Akvárium, založeno r. 1899 Late First Club of the Aqua and Terra Friends in Czech Kingdom from Prague
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The livebearer with ungrateful  character  Click for film (1,94 MB)

RNDr. Roman Slaboch

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Knife livebearer (Alfaro cultratus /Regan, 1908/) comes from Central America (from the south of Nicaragua to the north of Panama). It is attractively shaped fish with a couple of unpleasant features. One of them is the indisposition to take the feed from the bottom. It is not so big problem; keep them with another species that cleans the bottom, and the problem is managed. It can be even any peaceful species of livebearers, because scharp-belly livebearer interbreeds only inside of its species. The reason is quite complicated precopulation observance of the male, which swims just above the female’s head and touches her crown with gonopodium. In the next stadium, male beats with quick motions of gonopodium on her head. If female doesn’t want to escape, he goes down, floats beside her, and tries to inseminate her. It is obvious, that this behavior formula can’t any other species comply.

Other inconveniences of the breed are their jumping performances. Above all, maturing males (4-5 months) jump often in chases. The biggest losses are consequently from this period, and it is the case of the majority of females in aquarium breeds.

Last but not least, they have unpleasantly high reception of increased quantity of nitrogen fusions in the water. Concentration, which other species’ behavior doesn’t indicate, results in the preterm litters of the immature young. The breeder recognizes it after as much as the female doesn’t bear. Generally, after this time the concentration more increases, fish have enlarged orbs, stop to take the feed and die. Periodic exchange of water is consequently vital condition.

Many a literature features the taste for running water. But in my breeds fish avoid the outlet of the filter. Also the observations from the nature don’t support this statement directly. But it’s true, that adult big ones stay in the middle of the strain (if there is any) and it is good chance to fish them, because it’s simple to take them with fyke. Literature and observation in the natural habitats and in the breeds come to a verdict that A. cultratus needs bushy planted tank. In the nature it’s made up with the thicket of roots and fallen branches for the most part, but the effect of perfect refuge is the same. Hiding places need first the freshly born young (8 mm), which tempt the attention of adults with their jerking motions, and great deal of the young enrich their feed. In the nature I saw the smallest young almost entirely in the shallow places with 0,5-1 cm of water. In 24°C, the gravidity lasts approximately 24 days and it’s lowly perceptible.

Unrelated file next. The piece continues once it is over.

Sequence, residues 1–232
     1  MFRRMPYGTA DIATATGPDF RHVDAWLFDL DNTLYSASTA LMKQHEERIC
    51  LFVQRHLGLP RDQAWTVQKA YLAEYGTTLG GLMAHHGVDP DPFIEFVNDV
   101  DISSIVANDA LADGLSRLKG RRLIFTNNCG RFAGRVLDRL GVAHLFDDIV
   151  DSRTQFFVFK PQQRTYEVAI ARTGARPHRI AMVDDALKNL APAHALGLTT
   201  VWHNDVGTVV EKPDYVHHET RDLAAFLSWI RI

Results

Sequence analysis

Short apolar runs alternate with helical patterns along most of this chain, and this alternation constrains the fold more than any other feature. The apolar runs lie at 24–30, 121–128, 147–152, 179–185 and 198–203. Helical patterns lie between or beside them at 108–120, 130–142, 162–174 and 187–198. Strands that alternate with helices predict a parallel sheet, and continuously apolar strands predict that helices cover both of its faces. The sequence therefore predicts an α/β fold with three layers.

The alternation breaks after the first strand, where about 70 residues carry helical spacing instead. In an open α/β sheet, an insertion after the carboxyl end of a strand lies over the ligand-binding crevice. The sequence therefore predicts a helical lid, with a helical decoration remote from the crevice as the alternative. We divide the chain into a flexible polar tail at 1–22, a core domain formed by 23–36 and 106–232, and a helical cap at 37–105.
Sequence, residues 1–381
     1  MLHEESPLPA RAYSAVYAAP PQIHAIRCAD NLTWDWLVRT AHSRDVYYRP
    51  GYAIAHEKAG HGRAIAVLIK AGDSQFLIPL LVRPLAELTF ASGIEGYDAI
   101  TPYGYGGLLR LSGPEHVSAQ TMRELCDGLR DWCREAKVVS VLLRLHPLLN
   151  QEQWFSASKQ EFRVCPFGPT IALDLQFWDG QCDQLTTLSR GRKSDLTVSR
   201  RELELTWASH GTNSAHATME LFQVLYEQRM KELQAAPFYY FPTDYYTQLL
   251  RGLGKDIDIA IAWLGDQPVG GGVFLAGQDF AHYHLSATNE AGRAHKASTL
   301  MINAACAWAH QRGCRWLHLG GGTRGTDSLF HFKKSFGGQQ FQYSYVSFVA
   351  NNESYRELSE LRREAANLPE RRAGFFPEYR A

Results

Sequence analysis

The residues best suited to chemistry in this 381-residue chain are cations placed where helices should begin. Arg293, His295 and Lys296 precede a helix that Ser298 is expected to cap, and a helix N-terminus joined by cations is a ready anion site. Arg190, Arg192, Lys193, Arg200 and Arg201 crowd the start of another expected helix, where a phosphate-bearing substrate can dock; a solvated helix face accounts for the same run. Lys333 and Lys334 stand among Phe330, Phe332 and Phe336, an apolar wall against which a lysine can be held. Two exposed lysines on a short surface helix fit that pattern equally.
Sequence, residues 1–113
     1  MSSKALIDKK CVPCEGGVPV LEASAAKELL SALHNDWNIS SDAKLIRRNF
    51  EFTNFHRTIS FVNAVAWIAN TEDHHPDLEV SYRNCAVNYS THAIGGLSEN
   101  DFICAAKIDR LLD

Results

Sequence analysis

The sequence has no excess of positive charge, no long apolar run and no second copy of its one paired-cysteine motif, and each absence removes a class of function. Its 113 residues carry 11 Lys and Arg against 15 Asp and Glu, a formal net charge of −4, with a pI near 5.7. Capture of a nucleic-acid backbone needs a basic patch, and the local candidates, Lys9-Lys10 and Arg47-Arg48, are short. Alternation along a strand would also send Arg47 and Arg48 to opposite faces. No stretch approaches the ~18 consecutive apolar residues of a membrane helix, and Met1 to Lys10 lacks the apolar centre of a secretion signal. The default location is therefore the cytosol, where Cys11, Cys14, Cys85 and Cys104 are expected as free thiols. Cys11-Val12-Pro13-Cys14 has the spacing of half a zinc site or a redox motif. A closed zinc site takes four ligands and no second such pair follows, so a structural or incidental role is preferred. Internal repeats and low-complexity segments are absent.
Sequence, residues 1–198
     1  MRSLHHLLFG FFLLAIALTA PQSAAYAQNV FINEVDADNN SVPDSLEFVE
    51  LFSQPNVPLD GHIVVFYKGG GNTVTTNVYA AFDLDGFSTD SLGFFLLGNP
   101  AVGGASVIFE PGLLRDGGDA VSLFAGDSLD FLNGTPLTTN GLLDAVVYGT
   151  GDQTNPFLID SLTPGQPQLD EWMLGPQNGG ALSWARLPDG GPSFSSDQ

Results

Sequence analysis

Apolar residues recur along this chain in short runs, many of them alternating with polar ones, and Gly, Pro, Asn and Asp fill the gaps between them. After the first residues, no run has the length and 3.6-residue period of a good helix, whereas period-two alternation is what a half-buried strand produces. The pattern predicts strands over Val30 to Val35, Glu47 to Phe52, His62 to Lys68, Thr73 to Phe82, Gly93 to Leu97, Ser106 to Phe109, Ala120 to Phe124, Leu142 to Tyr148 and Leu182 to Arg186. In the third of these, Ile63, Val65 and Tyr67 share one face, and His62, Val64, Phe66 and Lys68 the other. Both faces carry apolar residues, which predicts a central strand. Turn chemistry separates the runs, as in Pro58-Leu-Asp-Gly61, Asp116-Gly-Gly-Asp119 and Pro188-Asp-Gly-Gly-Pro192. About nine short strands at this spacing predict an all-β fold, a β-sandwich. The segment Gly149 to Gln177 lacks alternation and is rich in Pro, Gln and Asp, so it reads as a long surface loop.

They mature after 6 months. Females grow up to even 8 cm, males maximum 6 cm. On the basic ochre color is beautiful metallic blue glaze, which excels only at the exposure of sunshine. Czech specific epithet scharp-belly was assigned because of keel ordering of the scales on belly.
The fish also “enjoyed” scientific descriptions:

  1. Alfaro cultratus Regan, 1908;

  2. Petalosoma cultratus Regan, 1908;

  3. Petalurichthys cultratus Regan, 1912;

  4. Alfaro acutiventralis Meek, 1912;

  5. Petalosoma amazonum Regan, 1911;

  6. Petalurichthys amazonum Regan, 1912;

  7. Alfaro amazonum Regan, 1913;

Mr. Regan was evidently at loose ends.

Due to unusual character of the shape, Alfaro cultratus is one of the few wild livebearers, which are available in akvashops.



Wischnath, L.,(1993): Atlas of Livebearers of The World, T.F.H. Publications, Inc.; USA, 336 ss.


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